Dr. Serdar Tasiran from Koç University leads the discussion with his research team: Hassan Salehe Matar, Cansu Erdogan, Umit Can Bekar, Omer Subasi, Zeynep Su Kurultay, and Emre Gul.
Research leader at Koç University, Serdar Taşıran, is excited about this new project, “After working together for many years, it is tremendous that we are beginning this formal collaboration between Microsoft Research and Barcelona Supercomputer Centre to look at the whole problem of software verification from the processor-up.” This follows a strong history of working closely with Microsoft Research in Redmond, Cambridge, and India.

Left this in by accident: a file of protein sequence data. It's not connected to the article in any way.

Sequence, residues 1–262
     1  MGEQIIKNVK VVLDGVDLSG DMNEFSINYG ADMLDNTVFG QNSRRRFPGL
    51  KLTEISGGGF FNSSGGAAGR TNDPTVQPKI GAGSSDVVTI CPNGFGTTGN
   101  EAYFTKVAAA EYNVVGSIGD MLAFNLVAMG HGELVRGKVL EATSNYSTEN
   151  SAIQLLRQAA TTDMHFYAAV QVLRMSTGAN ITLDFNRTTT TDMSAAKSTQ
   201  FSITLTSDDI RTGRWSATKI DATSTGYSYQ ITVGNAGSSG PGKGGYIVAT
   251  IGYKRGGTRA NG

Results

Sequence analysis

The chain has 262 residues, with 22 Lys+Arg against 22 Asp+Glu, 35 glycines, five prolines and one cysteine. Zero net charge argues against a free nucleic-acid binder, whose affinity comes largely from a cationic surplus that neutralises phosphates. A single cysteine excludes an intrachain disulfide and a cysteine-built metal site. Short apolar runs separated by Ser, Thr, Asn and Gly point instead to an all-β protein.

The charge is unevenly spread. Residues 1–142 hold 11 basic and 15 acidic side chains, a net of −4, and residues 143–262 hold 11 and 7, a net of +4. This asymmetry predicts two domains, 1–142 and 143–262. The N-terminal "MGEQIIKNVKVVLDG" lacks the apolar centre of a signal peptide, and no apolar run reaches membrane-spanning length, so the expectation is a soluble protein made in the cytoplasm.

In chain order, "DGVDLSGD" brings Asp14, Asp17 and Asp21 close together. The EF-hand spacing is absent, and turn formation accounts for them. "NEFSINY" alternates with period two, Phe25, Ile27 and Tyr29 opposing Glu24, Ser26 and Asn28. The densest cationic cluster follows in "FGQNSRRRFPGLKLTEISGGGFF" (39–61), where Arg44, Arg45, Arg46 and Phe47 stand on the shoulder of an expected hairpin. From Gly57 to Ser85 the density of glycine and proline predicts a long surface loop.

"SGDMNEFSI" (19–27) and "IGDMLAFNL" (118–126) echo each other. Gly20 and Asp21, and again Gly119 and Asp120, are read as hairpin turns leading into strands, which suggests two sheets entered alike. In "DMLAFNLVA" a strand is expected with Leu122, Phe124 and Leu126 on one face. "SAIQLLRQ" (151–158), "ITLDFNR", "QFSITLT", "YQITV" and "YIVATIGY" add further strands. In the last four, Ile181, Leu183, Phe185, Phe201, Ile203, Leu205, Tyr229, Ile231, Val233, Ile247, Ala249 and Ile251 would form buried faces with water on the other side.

The team aims to create a holistic, robust approach to the development of novel computer architectures. This is required to simultaneously push the state-of-the-art while permitting application-driven scenarios to be taken into account at an early stage in the hardware design.
Tim Harris, a senior researcher at Microsoft Research Cambridge, explains “Modern programming languages such as F# rely on multiple layers of software for activities such as garbage collection and managing parallel work items. This collaboration will help us develop new hardware techniques to accelerate these activities, while ensuring that the correctness of programs is not compromised."
Mateo Valero, director of Barcelona Supercomputing Center, adds, “This collaboration simultaneously targets the three requirements that modern multi-core computing faces today: processors should be fast and efficient, they should be easy to program, and they should compute in a verifiable and correct way."